We’d cut up a watermelon from the garden and eat it with the salty feta cheese while sitting on the front porch. Then we’d take a nap. That was my Sabba.
My grandmother, or as I called her Safta, taught me how to make food. She had an abundant garden and a kitchen filled with drying garlic, herbs and spices. After school, my chores were to pick tomatoes, cucumbers, peppers and eggplants in the warmer season and root vegetables and greens when it was colder.
Safta had become an industrious homemaker and no nonsense. I always knew my assignments and she would keep me on task. But she always took the care and time to show me how to peel and cut, prep and stir.
I loved it in her kitchen and that’s where she taught me about how to make pickles which we'd make them together from the bounty of her garden.
Fast forward 30 years and here I am, the owner of my own small-batch, fermented pickle company, Olive My Pickle.
The very first pickle I made? That was Safta’s recipe, her kosher dill fermented pickle.
Today, our #1 best seller is my grandmother's original kosher dill pickle recipe.
Back in Safta’s kitchen, I had no idea what salt-water-brine, lactic-acid fermentation was and why it was so special. And I certainly had no idea that the pickles and fermented vegetables that were on our family table at every meal growing up were live-culture foods, filled with naturally occurring probiotics and enzymes.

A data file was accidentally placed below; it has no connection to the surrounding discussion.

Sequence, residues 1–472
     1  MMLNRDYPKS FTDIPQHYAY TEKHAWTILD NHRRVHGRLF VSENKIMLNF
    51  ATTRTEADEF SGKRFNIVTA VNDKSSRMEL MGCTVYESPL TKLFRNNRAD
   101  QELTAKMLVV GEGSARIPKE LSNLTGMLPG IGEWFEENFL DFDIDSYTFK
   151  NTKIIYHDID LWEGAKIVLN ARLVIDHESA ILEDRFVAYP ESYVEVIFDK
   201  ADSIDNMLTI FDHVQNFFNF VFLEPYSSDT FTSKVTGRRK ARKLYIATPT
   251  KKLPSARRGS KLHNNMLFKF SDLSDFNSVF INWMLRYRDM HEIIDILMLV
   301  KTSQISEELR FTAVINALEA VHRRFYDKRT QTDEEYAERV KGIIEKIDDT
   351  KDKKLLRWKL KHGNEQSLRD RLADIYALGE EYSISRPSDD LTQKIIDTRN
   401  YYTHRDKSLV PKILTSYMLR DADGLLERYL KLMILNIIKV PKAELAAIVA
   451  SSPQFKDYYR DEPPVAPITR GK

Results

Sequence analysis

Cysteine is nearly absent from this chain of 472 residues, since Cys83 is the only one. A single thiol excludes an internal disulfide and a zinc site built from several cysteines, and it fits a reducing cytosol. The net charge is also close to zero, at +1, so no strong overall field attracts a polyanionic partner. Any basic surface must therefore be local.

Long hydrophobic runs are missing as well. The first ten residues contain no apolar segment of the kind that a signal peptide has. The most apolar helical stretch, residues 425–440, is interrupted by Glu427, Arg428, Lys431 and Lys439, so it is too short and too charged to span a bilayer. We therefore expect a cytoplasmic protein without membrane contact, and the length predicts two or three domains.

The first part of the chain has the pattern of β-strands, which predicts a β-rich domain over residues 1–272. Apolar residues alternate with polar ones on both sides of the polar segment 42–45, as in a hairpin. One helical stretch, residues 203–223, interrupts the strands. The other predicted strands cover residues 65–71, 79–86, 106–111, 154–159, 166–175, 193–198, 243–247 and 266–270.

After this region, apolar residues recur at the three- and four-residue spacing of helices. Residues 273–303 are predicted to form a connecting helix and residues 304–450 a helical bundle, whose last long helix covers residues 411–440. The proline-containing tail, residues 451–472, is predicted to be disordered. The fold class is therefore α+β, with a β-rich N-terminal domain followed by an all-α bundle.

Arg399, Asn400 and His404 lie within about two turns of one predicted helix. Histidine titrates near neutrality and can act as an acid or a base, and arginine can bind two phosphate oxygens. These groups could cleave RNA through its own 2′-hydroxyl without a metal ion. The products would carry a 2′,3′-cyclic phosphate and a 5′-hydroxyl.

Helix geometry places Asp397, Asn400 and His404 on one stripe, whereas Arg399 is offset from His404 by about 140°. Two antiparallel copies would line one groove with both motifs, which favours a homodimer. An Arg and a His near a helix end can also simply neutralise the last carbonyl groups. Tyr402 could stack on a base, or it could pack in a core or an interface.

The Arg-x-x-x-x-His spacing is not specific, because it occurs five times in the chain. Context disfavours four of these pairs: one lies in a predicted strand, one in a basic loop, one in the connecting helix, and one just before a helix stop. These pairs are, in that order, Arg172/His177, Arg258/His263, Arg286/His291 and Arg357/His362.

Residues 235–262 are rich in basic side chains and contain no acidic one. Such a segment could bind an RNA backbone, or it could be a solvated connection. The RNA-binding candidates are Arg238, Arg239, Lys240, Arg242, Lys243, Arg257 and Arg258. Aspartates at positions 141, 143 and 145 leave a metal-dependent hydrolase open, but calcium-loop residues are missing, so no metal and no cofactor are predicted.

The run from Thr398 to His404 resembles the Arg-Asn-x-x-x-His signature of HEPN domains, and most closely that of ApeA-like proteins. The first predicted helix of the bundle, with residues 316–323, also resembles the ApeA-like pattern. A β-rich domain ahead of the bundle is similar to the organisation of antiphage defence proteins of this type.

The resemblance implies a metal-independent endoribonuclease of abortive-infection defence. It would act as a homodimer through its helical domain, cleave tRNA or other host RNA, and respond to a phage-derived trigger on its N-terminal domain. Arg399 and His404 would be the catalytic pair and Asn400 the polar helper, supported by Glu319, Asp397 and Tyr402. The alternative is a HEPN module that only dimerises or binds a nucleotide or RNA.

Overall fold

Those were just Safta’s pickles.
Years later, it was these pickles I recreated when I found myself living in the US missing home. What started as a remedy for homesickness turned into a hobby, then evolved into our business, Olive My Pickle.
Since we started in 2010, I've talked to so many people at the farmer’s markets who've tell me stories about their memories of making pickles with their grandmothers too. I feel like an especially lucky person to have had so much time in my grandparents' care growing up. It's something I share with our community of customers that I'm very grateful for.
Thanks for reading my story, Shai
Olives, pickles + family recipes. We have it here at OMP.
Fermented foods are quickly growing in popularity these days, and for good reason. They’re delicious, nutritious, and offer a wealth of gut health benefits. But where do they come from? How did this trend start? Dive into our blog to learn more.
Our story began with our co-founder, Shai, who spent his childhood with his grandparents in Israel. There, he learned to love the smell and taste of traditional fermentation. When he came to the US, he decided to create and share these traditions as way to reconnect with home. That hobby turned into Olive My Pickle, which he created with his wife Charlotte. If you're ever in the Jacksonville, Florida area, you can meet the whole family at the Saturday Riverside Arts Market.
Today, Olive My Pickle offers over 35 fermented products with front door delivery. Now you can add some amazing and healthy fermented foods to your family table.